Wednesday, August 17, 2011

I have been weighed on the scales and found wanting

Today on my way to work I came across a dead man.

I take the FrontRunner train to work in the mornings, get off at the Salt Lake Central Station and usually take the Trax commuter rail in to my office that sits on 2nd South and Main, but some days I walk. Today I walked. About a block past the Gateway Shopping Center on 2nd South I saw a body lying motionless. My first impression was that it might be some sort of mannequin or dummy. It’s early for Halloween decorations, but thoughts of the scarecrows my dad used to make and place on our front porch for trick-or-treaters came to mind. As I drew closer I realized it definitely was not a decoration. It was a man, late sixties, unshaven, in a black t-shirt and red flannel shirt, jeans, and tennis shoes.

I wanted to keep walking.

I’m not proud of it, quite frankly I’m ashamed of it, but it was my first impulse.

I didn’t keep walking. I stopped; spoke to him to see if he would respond. I felt his hand; it was still warm. I felt briefly for a pulse but didn’t find one. I called 911.
Police showed up about the time I got off the phone with 911. He first tried to get a response from the man. When he didn’t get one he put on his gloves and started checking pockets for medical information and identification. He found an inhaler in the man’s right shirt pocket and cigarettes in the left. Found a large wallet in his rear pant pocket full of cards but no cash.
The first responders then arrived and hooked up what I assume to be an EKG to his chest. They asked how long I’d been there, which by this time had been about ten minutes, and then took out a sheet to cover the man.

I don’t know CPR. I learned it when I was 14 and again when I was 16, but I haven’t been refreshed since. Had it been someone I knew and loved I probably would have tried, but given the circumstances I felt afraid, confused, and mostly just totally powerless. What shames me is the fact that when I realized the man was dead, I was relieved I didn’t know CPR. I should have at least wanted to be able to help the man, but instead I was relieved I didn’t have that responsibility. Now that I’ve had time to reflect, I’m sickened by this.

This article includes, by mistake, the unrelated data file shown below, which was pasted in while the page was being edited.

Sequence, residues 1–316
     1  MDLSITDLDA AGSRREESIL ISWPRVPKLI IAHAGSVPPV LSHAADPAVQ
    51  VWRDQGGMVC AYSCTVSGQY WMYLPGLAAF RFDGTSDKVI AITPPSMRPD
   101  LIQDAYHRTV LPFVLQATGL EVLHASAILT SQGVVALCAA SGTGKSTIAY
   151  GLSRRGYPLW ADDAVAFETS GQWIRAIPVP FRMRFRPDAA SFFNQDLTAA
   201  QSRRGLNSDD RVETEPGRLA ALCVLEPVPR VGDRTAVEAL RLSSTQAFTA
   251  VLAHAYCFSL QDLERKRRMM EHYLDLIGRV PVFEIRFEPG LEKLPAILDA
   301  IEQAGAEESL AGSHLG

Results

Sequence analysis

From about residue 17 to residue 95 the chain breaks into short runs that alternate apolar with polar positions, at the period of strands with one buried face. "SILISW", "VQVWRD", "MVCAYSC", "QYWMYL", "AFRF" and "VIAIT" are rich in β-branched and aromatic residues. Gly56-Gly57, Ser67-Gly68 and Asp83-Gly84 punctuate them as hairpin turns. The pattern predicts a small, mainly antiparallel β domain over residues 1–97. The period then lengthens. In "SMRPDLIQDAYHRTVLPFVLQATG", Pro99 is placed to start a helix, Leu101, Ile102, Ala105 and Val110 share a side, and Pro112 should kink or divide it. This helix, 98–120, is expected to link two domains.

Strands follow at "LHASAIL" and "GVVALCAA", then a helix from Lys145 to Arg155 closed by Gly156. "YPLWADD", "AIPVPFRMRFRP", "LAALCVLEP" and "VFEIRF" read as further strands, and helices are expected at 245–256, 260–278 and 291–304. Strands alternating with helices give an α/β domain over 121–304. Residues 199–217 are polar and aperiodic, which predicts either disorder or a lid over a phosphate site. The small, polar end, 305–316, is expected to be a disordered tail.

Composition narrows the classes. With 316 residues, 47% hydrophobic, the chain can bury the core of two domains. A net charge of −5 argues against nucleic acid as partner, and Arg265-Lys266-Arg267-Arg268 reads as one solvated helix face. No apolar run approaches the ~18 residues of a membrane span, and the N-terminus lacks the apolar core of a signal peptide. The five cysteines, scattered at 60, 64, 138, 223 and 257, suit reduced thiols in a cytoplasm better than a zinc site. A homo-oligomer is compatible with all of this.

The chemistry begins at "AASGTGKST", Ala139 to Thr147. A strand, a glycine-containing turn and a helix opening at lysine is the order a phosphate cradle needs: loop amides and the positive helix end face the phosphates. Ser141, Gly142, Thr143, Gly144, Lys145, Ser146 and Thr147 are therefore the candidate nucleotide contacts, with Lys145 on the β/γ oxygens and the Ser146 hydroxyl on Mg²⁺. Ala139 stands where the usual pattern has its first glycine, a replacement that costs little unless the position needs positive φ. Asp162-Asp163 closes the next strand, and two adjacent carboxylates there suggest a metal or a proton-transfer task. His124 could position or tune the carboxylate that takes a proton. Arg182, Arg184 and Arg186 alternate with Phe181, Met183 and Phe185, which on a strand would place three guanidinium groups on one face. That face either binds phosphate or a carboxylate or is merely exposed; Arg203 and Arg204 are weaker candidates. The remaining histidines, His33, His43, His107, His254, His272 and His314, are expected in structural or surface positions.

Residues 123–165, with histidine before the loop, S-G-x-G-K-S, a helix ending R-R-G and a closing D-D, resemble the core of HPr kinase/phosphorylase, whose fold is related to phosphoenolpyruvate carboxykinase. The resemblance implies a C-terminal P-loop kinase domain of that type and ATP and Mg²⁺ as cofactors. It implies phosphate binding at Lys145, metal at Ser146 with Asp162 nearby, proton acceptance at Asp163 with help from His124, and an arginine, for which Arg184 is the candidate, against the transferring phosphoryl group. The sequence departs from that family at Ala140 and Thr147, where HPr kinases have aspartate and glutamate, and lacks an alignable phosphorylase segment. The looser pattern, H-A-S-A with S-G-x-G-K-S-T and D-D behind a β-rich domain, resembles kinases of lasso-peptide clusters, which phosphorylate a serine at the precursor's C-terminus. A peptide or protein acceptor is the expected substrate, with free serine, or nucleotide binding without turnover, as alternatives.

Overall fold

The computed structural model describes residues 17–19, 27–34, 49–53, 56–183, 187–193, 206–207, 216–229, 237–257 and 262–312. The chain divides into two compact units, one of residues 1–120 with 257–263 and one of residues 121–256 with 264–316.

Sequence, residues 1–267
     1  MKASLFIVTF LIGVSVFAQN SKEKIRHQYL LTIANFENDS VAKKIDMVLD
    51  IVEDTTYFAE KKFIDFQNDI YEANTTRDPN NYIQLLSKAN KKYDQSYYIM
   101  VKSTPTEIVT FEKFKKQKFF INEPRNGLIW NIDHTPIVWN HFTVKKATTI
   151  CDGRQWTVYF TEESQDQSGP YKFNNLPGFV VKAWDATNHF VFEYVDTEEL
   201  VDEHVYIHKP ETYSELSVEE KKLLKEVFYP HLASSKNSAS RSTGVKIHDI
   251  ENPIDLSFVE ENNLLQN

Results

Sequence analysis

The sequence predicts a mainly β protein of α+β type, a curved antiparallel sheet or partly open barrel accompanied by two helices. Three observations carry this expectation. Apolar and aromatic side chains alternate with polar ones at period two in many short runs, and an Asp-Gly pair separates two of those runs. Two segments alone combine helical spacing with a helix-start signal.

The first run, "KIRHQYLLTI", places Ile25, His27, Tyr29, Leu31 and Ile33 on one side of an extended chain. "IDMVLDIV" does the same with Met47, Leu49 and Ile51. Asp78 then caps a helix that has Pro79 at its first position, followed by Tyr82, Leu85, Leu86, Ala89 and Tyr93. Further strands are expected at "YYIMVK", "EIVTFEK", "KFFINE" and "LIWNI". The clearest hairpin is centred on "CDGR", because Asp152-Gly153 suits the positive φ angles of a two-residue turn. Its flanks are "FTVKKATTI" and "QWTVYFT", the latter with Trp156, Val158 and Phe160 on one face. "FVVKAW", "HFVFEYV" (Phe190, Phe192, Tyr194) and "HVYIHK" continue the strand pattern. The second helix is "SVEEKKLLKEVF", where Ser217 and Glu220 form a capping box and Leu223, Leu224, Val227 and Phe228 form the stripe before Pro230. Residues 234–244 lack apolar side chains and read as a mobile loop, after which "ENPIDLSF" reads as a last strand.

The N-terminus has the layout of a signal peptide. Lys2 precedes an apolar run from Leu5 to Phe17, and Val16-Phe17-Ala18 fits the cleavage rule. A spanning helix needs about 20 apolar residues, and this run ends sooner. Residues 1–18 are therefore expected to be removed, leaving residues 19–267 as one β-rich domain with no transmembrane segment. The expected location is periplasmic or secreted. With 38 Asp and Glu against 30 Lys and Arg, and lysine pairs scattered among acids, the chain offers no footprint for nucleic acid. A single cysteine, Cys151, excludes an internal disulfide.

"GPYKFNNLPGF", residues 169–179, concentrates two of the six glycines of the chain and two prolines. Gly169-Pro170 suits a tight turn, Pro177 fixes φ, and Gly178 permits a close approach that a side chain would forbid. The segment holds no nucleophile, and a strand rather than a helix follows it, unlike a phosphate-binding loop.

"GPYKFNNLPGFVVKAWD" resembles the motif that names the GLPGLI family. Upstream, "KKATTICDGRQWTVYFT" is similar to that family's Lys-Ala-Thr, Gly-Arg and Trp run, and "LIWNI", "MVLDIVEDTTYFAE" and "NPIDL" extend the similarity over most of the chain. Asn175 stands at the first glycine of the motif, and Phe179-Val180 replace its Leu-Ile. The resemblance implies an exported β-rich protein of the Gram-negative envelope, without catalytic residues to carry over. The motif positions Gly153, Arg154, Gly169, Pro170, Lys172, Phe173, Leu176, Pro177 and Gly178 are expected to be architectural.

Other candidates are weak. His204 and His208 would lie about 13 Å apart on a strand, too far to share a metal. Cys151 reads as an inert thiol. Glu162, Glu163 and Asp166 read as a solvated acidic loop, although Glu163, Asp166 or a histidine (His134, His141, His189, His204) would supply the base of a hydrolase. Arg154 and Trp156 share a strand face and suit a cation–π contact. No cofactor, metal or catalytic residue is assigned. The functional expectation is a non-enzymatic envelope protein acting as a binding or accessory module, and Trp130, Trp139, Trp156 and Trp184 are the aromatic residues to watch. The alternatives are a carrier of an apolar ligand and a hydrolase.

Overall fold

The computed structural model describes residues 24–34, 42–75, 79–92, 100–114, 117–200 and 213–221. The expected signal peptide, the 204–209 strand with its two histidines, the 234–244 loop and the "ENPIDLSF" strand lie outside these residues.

I don’t know what the proper protocol should be in that situation. The man had been there for at least five minutes or I would have seen him fall. He probably hadn’t been there for more than 15, I assume, because someone else probably would have spotted him. Also he still felt rather warm when I checked his pulse. I don’t really know if it would have been advisable to perform CPR even if I were competent, but that’s not really the point. What scares me is that I found out this morning that when it comes down to it my fear is greater than my desire to help. I think of myself as someone who wants to help those around him, but when it came down to it I didn’t only lack the ability to help but also the desire. I'm not exactly a hurried Levite, but I also don't qualify as a Good Samaritan.